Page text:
A confidant of Donald J. Trump who is likely to serve in a senior national security role in any new Trump administration threatened on Tuesday to target journalists for prosecution if the former president regains the White House.
The confidant, Kash Patel, who served as Mr. Trump’s counterterrorism adviser on the National Security Council and also as chief of staff to the acting secretary of defense, made the remarks on a podcast hosted by Stephen K. Bannon, Mr. Trump’s former strategist, during a discussion about a potential second Trump presidency beginning in 2025.
“We will go out and find the conspirators, not just in government but in the media,” Mr. Patel said. “Yes, we’re going to come after the people in the media who lied about American citizens, who helped Joe Biden rig presidential elections — we’re going to come after you. Whether it’s criminally or civilly, we’ll figure that out.” He added: “We’re actually going to use the Constitution to prosecute them for crimes they said we have always been guilty of but never have.”
Earlier in the interview, when asked by Mr. Bannon whether a new administration would “deliver the goods” to “get rolling on prosecutions” early in a second term, Mr. Patel noted that the Trump team had a “bench” of “all-America patriots,” but he said he did not want to name any names “so the radical left-wing media can terrorize them.”
A spokeswoman for Mr. Patel, Erica Knight, pointed out that in the same conversation with Mr. Bannon, Mr. Patel said they would “follow the facts and the law.” She also sent The New York Times a statement from Mr. Patel, reading, “When President Trump takes office in 2025, we will prosecute anyone that broke the law and end the weaponized, two tier system of justice.”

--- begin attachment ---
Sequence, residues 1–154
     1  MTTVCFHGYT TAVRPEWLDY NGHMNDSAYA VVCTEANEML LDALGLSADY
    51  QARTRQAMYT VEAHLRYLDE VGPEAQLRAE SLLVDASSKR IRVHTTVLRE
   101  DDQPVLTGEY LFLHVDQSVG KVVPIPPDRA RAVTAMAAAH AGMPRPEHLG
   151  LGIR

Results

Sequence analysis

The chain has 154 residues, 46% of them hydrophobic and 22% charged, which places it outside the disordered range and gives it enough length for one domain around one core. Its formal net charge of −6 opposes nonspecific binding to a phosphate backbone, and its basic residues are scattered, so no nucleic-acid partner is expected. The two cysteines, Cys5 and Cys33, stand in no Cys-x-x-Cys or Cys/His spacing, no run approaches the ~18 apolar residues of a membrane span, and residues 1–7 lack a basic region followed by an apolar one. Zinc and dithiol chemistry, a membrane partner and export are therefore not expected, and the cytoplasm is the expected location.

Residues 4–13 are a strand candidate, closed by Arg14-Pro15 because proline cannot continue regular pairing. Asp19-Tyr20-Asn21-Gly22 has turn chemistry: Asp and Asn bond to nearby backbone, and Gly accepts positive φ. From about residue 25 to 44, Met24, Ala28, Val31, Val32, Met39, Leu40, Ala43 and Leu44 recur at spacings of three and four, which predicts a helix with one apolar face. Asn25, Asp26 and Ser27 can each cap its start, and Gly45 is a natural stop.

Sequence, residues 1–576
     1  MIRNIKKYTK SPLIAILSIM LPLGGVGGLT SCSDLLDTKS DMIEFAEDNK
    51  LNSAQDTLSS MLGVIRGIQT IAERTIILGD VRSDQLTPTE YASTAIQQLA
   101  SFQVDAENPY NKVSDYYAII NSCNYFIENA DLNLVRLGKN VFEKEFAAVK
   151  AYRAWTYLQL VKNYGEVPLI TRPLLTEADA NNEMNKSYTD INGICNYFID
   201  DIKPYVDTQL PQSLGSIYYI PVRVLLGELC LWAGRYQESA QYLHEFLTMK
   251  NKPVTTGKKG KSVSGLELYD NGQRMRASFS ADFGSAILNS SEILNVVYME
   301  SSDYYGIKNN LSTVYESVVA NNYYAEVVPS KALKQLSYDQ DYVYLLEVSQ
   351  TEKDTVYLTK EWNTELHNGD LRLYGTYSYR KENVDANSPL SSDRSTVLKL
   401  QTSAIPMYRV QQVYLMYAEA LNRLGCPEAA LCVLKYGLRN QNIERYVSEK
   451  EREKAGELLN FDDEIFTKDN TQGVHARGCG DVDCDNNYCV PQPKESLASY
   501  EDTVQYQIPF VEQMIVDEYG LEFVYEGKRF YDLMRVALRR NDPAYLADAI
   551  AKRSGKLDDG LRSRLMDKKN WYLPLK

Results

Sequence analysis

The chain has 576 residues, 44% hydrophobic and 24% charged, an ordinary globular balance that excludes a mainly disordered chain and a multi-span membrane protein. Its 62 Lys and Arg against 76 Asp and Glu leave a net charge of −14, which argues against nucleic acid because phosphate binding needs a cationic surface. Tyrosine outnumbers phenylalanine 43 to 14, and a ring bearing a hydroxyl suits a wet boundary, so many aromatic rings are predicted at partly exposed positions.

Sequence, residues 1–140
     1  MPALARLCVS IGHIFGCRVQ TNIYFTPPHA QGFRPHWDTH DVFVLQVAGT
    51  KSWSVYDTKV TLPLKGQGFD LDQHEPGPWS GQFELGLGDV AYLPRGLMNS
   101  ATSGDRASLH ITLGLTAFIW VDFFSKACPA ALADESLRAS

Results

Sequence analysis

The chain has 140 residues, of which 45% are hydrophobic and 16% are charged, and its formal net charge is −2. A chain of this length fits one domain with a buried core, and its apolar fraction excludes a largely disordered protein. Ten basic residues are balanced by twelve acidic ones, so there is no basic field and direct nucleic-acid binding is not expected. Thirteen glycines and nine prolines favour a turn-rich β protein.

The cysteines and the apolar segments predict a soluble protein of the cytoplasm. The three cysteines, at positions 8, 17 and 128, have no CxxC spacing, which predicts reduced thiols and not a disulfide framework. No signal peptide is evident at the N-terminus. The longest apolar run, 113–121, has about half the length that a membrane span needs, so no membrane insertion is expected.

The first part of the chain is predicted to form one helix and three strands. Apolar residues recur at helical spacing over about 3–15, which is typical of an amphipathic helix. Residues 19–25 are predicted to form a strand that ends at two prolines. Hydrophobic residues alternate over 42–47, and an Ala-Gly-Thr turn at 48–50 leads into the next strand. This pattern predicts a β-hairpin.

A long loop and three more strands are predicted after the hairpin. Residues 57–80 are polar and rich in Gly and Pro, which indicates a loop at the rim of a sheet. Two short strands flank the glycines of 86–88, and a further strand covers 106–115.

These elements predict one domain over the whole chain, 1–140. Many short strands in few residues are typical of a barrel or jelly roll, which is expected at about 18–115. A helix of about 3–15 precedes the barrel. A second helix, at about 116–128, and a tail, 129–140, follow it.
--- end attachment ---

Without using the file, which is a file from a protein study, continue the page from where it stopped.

But Mr. Trump, who is facing 91 felony charges in four separate cases, has already promised to use the Justice Department to “go after” his political adversaries — signaling that a second Trump term would build on the ways it opened investigations into his enemies during his first term and fully abandon the post-Watergate norm of Justice Department independence.
“I will appoint a real special prosecutor to go after the most corrupt president in the history of the United States of America, Joe Biden, and the entire Biden crime family,” Mr. Trump said in June.
Mr. Patel was a relatively unknown Capitol Hill staffer in the early days of the Trump administration, in 2017, but he became an aggressive defender of Mr. Trump against the investigation into whether the president’s 2016 campaign conspired with Russians to affect the outcome. Over the next four years, he rose to become one of Mr. Trump’s most trusted aides and among the most powerful national security officials in the federal government.
In late 2020, Mr. Trump trusted Mr. Patel to such a degree that he asked for him to be installed as a deputy director of either the C.I.A. or the F.B.I. Mr. Trump jettisoned this plan only after senior officials, including the former C.I.A. director Gina Haspel and former Attorney General William P. Barr, argued forcefully against the move. Mr. Barr wrote in his memoir that he told Mark Meadows, then the chief of staff, that having Mr. Patel become deputy F.B.I. director would only happen “over my dead body.”
Over the past three years, since leaving government, Mr. Patel has capitalized on his fame as a Trump insider. He has sold “Kash” merchandise on an online store and wrote a children’s book about the Russia investigation in which a “King Donald” is persecuted by a wicked “Hillary Queenton.” The story’s hero is a wizard named “Kash” who exposes a conspiracy to tear down King Donald. Mr. Trump declared that he wanted to “put this amazing book in every school in America.”
Mr. Patel himself has filed defamation suits against The New York Times, CNN and Politico. And since leaving government he has set up a fund-raising entity to “fight the deep state” and finance lawsuits on behalf of the “everyday Americans” who he says have been “defamed” by what he calls “the fake news mafia.”